Rise In Gold Smuggling Activities: Is The Hawala Route Being Tapped To Fan Anti-Government Protests In India?

by M R Subramani - Mar 5, 2020 04:05 PM +05:30 IST
Rise In Gold Smuggling Activities: Is The Hawala Route Being Tapped To Fan Anti-Government Protests In India?Gold smuggling in India 
Snapshot
  • This suspicion is strong particularly in view of the quantity of gold being recovered.

On Wednesday (4 February), the Indian Coast Guard and Department of Revenue Intelligence (DRI) officials recovered nearly 15 kilograms of gold from the sea bed at Mandapam in the Gulf of Mannar off Tamil Nadu coast.

The gold, found at 35 feet below sea level, is valued at over Rs six crore. Three fishermen have been detained in this connection.

The recovery raises concern whether gold smuggling from Sri Lanka to Tamil Nadu has returned to the days of regular smuggling in the 1980s.

Tamil Nadu’s Nagapattinam district, especially the areas around Kodiyakarai village, was a haven for smugglers until former prime minister Rajiv Gandhi was assassinated at Sriperumbudur in suburban Chennai in 1991.

Smuggling of gold and other contrabands were done by Lankan Tamil separatists till then in exchange for arms and ammunition to fight the civil war against the Sri Lankan government.

After the assassination of Rajiv Gandhi, smuggling activities stopped, especially after Kodiyakarai Shanmugam, the kingpin of smuggling activities, was arrested in connection with the assassination.

Customs officials say that before 1991, Lankan fishermen used to hand over smuggled gold to Indian fishermen.

In the present case, DRI officials, acting on a tip-off, alerted the Coast Guard. The arrested fishermen on sighting the Coast Guard vessel dumped the gold in the sea.

Gold smuggling through this sea route seemed to have revived in 2013, when the United Progressive Alliance (UPA) Government raised the import duty on gold from three per cent to 10 per cent. It was raised to curb gold imports as it led to trade imbalance, leading to current account deficit.

In the 2013-14 financial year, India saw a record of over 300 tonnes of gold smuggled into the country. As per statistics, India imports nearly 1,000 tonnes of gold annually. Of this, about 200 tonnes could have been smuggled.

The current import regime has incentivised gold smuggling. In the 2018-19 Budget, Finance Minister Nirmala Sitharaman raised gold import duty further to 12.5 per cent.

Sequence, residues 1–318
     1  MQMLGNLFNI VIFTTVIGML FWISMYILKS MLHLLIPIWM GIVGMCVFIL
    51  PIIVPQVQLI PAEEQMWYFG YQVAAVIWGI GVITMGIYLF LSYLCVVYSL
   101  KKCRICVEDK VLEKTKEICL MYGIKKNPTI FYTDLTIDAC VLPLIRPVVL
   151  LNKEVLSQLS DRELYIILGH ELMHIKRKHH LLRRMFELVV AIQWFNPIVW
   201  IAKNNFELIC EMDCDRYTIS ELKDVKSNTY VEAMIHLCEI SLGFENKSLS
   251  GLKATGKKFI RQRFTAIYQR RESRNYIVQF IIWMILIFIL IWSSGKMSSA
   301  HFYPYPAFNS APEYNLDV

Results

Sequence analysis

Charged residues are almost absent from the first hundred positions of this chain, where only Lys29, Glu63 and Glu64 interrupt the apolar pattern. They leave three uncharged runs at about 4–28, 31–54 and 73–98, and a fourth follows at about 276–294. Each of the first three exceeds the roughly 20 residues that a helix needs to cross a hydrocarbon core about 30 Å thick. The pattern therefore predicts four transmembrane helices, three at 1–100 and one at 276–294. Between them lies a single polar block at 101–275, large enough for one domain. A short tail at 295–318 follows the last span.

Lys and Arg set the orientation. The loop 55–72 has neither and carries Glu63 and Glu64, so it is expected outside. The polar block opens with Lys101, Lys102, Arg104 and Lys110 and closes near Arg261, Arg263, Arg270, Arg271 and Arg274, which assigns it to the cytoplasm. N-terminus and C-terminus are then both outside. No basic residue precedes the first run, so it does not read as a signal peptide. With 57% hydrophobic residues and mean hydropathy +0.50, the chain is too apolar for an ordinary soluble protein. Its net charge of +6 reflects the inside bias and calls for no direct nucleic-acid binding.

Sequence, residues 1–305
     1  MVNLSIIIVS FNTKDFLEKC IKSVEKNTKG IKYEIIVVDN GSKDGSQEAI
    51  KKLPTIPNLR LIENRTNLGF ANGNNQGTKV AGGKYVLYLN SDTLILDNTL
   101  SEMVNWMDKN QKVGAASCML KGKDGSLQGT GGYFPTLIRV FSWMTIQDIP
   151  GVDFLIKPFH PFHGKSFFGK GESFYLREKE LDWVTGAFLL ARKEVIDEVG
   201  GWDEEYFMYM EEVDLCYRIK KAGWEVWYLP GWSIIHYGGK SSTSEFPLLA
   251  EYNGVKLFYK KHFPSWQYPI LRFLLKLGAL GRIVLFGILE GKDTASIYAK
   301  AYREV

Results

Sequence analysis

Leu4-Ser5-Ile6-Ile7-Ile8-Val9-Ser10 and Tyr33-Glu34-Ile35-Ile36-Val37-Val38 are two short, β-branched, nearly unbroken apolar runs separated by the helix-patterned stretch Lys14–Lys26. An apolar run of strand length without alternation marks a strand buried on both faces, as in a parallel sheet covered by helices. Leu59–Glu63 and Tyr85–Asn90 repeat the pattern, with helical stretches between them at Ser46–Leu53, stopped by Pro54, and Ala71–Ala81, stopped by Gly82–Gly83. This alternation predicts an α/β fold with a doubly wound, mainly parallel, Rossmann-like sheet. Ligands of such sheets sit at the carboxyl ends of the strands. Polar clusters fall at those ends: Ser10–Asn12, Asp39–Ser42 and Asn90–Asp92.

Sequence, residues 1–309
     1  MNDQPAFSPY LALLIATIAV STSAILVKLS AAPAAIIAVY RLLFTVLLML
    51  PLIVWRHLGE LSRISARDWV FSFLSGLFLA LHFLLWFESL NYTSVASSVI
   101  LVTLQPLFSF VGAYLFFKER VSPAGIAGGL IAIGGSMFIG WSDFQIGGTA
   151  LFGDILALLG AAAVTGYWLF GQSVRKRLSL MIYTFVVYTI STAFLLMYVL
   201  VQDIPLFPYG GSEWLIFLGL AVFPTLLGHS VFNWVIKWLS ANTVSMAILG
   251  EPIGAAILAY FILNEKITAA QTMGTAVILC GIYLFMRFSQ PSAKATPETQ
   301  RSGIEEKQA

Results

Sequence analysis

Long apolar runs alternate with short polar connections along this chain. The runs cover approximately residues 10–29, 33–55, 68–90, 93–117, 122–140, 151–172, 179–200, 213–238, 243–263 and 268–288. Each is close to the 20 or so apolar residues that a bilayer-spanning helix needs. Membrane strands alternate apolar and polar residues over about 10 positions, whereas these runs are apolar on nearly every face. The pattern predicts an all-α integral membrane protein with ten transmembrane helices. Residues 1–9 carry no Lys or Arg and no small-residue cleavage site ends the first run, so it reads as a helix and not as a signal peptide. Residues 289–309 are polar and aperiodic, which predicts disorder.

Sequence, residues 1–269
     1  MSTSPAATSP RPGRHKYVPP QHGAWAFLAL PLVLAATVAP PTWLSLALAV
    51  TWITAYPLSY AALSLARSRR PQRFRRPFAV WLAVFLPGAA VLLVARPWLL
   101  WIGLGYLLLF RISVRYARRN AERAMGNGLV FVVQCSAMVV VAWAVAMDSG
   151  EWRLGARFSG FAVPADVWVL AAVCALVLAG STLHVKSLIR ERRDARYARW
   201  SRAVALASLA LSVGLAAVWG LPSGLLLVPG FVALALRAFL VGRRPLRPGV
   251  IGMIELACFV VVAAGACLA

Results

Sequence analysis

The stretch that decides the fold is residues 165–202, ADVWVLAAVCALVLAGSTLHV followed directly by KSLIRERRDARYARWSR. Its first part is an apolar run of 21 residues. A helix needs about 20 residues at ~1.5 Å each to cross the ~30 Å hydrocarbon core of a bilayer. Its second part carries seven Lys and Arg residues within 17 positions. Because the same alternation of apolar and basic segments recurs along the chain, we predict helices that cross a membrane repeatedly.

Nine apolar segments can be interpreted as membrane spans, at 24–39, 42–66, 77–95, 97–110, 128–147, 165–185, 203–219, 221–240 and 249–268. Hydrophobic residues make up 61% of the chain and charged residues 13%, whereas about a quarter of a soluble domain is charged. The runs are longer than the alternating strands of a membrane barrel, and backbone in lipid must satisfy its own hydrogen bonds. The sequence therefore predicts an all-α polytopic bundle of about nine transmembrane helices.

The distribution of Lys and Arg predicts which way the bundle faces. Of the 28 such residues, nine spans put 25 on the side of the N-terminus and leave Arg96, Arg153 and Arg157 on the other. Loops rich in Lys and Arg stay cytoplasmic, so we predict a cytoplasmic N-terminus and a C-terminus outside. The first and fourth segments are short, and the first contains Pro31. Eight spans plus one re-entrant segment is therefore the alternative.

Gold also attracts a three per cent goods and services tax (GST), taking the total levy on the yellow metal currently to over 15 per cent. In comparison, some of the Gulf countries impose only a five per cent import duty. This makes gold cheaper by at least Rs 4,000 per 10 gm in those countries.

In the United Arab Emirates (UAE), the import duty is also waived off if a local jeweller imports and refines gold in two months time. This has left India vulnerable to gold smuggling especially from the UAE.

According to Canadian non-governmental organisation IMPACT, “various creative means” are used to smuggle gold into the country.

The real concern is hawala financing for the illegal trade. In the case of gold, it is brought into the country against illegal payments made in the Gulf.

One of the major problems India faces is its porous borders with its five neighbours. As a result, gold is smuggled through its borders mainly with Bangladesh, Myanmar and Nepal. The sea route compounds the problem.

There is an additional concern over gold smuggling into the country now. Is gold being smuggled into the country to fund anti-government activities such as protests against the Citizenship Amendment Act?

Two of the States where anti-CAA protestors have had a field day are Kerala and Tamil Nadu. It is at airports in these two States that a majority of the smuggled gold seizures have been made.

Northern Kerala is a haven for gold smugglers and hawala transactions. Several consignments of gold have been seized at the Karipur International Airport in Kozhikode and allegations are that some of the workers there are hand-in-glove with the smugglers.

A similar racket involving gold smugglers and airport or customs officials has been unearthed in Thiruvananthapuram and Chennai airports. Besides, smuggled gold seizures are being made at Kochi airport almost daily.

Canada’s IMPACT says that the due diligence on gold imports done by Indian Customs officials and industry is negligible, which means a huge quantity still gets smuggled silently.

The fact that a huge number of flights operate from the Gulf to Kerala and regions around it gives smugglers plenty of opportunities.

With Islamist organisations being active in the protests across Tamil Nadu, the fear is that gold is being smuggled via sea from Lanka for such activities. This suspicion is strong particularly in view of the quantity of gold recovered.

M.R. Subramani is Executive Editor, Swarajya. He tweets @mrsubramani

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